When the popular Web site Gawker was hacked into recently, more than a million user IDs and passwords were released. If you were one of the people compromised that's annoying -- very annoying. Not that it's a big deal that someone could log into a gossip site under your name. But many of those people used those same IDs and passwords on other sites that are a wee bit more important, such as LinkedIn. Now, that's a problem.
What should you do about it? Well, I could tell you that you need to use different passwords for different sites; that you need to pick passwords other than that all-time favorite, 123456; and that you should change your passwords every month for every site. I'm not going to, though. It's all good advice, mind you, but it's also all pretty darn useless.
People never have, and never will, use good security practices. After more than 30 years of working with networks and security, I'm ready to give up on trying to get the general public to do the right things to keep themselves safe. In a company, it's a different matter. It's a pain, but if you keep at it and enforce the rules, eventually you'll get most of the people to do the right things most of the time. But people at home? It's not going to happen.
Besides, there's another issue here. At work, people need to recall, at most, two or three IDs and passwords. If you do single sign-on right, all they'll need is one. On the public Internet, though, people have to remember their IDs and passwords for their bank, Facebook, Twitter, school, Gmail, phone, electric, 401(k), LinkedIn, Computerworld and countless other accounts.
Who can manage to remember dozens of IDs and passwords for dozens of sites? I'll tell you who: no one.
I can't do it, and I'm blessed with a good memory for random alphanumeric strings -- you really don't want me to get a good look at your credit card number. If I can't do it, no one who isn't blessed with a photographic memory can do it.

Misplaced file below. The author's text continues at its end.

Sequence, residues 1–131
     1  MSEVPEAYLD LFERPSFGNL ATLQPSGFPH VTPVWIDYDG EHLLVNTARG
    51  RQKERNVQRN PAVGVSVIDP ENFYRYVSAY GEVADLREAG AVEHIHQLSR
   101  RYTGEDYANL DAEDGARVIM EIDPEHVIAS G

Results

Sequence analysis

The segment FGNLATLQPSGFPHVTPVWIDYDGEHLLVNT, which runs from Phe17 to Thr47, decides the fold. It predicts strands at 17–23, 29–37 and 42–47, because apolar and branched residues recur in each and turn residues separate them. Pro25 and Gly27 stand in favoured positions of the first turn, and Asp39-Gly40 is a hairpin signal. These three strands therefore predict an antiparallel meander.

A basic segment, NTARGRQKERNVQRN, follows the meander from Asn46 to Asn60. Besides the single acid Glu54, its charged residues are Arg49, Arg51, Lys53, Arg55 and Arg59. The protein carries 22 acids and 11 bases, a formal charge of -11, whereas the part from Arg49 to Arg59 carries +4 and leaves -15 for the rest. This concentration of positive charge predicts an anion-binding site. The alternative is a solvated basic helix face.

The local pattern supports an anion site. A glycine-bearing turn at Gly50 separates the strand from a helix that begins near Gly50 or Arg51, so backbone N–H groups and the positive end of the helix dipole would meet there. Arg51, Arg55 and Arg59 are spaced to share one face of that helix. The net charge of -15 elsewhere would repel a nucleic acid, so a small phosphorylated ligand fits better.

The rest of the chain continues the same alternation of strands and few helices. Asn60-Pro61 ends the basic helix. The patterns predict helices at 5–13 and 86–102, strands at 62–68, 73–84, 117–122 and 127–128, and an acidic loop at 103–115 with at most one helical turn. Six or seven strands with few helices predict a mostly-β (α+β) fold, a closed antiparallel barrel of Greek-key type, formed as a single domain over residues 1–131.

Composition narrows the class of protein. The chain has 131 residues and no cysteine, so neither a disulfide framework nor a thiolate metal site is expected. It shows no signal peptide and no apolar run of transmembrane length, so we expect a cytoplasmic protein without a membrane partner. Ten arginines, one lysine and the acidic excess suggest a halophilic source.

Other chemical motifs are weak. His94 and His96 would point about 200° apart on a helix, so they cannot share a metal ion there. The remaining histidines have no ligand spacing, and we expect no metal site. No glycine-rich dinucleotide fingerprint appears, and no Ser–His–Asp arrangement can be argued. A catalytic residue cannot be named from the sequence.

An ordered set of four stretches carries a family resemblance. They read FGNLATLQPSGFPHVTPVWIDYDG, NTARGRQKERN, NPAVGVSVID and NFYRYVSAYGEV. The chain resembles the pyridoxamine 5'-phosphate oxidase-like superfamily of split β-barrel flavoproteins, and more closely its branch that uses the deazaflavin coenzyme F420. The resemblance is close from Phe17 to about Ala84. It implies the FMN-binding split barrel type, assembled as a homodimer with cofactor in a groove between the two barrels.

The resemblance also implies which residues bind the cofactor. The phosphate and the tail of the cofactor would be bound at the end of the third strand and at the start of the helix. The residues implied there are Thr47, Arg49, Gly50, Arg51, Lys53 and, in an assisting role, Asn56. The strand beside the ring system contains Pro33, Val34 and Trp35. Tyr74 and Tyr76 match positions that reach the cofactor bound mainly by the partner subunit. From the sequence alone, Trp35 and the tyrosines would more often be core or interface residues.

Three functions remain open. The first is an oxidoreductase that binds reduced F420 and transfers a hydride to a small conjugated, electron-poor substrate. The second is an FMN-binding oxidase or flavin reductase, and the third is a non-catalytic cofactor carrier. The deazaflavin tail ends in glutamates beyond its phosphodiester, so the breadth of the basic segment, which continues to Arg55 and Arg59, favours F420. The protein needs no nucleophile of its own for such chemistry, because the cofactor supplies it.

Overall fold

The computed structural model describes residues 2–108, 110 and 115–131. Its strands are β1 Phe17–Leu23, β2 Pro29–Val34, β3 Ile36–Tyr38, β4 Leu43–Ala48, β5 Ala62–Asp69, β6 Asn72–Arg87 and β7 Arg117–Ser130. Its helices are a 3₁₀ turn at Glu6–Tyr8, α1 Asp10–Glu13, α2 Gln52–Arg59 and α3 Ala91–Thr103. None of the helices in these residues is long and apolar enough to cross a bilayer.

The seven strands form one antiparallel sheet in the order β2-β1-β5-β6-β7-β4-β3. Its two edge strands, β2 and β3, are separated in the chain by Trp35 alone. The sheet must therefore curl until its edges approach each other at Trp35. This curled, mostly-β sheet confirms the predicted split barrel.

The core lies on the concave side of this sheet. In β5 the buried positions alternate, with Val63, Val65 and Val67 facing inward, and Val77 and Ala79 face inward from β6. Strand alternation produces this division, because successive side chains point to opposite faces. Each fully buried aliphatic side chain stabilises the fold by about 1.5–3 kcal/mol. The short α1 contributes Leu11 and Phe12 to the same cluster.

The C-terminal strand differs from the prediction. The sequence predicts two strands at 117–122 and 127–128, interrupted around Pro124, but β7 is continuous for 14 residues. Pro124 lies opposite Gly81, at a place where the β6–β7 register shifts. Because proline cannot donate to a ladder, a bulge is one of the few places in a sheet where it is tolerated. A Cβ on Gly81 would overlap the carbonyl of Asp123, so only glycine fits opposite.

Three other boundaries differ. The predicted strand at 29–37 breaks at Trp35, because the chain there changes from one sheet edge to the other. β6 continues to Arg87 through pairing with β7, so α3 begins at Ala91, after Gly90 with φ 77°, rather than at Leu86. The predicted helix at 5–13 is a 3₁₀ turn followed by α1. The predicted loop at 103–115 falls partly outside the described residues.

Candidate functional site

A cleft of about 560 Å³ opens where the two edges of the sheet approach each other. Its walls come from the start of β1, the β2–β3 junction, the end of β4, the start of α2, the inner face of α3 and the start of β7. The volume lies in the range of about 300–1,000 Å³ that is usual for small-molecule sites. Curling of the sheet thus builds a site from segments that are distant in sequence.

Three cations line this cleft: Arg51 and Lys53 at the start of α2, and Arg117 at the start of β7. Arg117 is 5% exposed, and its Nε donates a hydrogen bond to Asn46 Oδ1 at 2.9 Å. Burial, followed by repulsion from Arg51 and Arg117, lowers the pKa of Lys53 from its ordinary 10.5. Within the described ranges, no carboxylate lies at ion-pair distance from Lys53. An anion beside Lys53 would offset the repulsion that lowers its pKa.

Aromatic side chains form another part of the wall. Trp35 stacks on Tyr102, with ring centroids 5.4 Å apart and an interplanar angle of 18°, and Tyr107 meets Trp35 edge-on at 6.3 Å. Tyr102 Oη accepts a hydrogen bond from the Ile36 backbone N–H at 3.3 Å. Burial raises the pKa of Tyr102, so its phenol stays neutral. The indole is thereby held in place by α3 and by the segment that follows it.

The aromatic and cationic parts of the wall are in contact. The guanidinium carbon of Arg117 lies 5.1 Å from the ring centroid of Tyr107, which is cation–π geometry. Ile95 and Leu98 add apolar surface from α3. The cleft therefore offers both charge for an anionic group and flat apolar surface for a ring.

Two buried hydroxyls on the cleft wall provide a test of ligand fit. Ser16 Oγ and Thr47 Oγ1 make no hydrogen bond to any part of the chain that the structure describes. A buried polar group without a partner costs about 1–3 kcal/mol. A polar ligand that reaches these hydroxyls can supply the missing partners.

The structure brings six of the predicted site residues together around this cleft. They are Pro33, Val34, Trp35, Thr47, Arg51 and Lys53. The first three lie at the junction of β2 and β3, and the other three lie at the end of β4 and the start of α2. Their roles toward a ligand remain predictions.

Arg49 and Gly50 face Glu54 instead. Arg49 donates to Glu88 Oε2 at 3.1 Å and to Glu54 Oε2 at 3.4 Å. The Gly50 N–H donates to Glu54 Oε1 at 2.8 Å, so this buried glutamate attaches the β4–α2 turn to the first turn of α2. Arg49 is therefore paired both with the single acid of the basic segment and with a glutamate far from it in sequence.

What I do is keep a long list of user IDs and passwords in my head. Some of them I use only on trivial sites such as Gawker (though I don't have an account there). Others, I keep only for important sites, such as LinkedIn. And a few I save only for vital sites like my bank. Those last are tied in my memory with a specific site. So, for example, I have one ID and password for my health insurance site that I don't use for any other sites.
You can do a similar trick -- and this is security heresy -- by making a list of your account numbers, IDs and passwords. I don't mean a physical list, though. Make the list on your computer, encrypt it with a program like TrueCrypt, which can handle Linux, Mac OS X and Windows; AxCrypt, which is Windows only; or FolderLock, another Windows-only program.
You also really should use "real" passwords. No "123456" or "abcdef;" no "password" or "your_user_name" or "my hometown" or "favorite sports team." Those kinds of passwords are so easy to break, they barely count as passwords.
If that option doesn't appeal to you, I've got another one: LastPass. This program runs on all the desktop operating systems that matter and the major smartphone operating systems -- Android, iOS, Symbian and Windows Phone -- as well. It will automatically capture your log-in credentials and then enter them into the site for you the next time you visit. So, go ahead and use JK1127MarvelFan4TossSaladed! as a password. You won't have to remember it, LastPass, the password manager, will do it for you.
While I'd rather it didn't store all these passwords in an encrypted form on the Web, LastPass's advantages more than outweigh its disadvantages to my mind. It certainly beats having your one real password to every system on earth available to anyone who hacks into any site that you visit.
The real solution, though, is to find something else to replace user IDs and passwords. I don't know what that will be. I do know that as we spend more and more of our computing time online at dozens of different sites, we have to come up with a better answer that will really work for people. User IDs and passwords simply don't cut it anymore.
Steven J. Vaughan-Nichols has been writing about technology and the business of technology since CP/M-80 was cutting-edge and 300bit/sec. was a fast Internet connection -- and we liked it! He can be reached at firstname.lastname@example.org.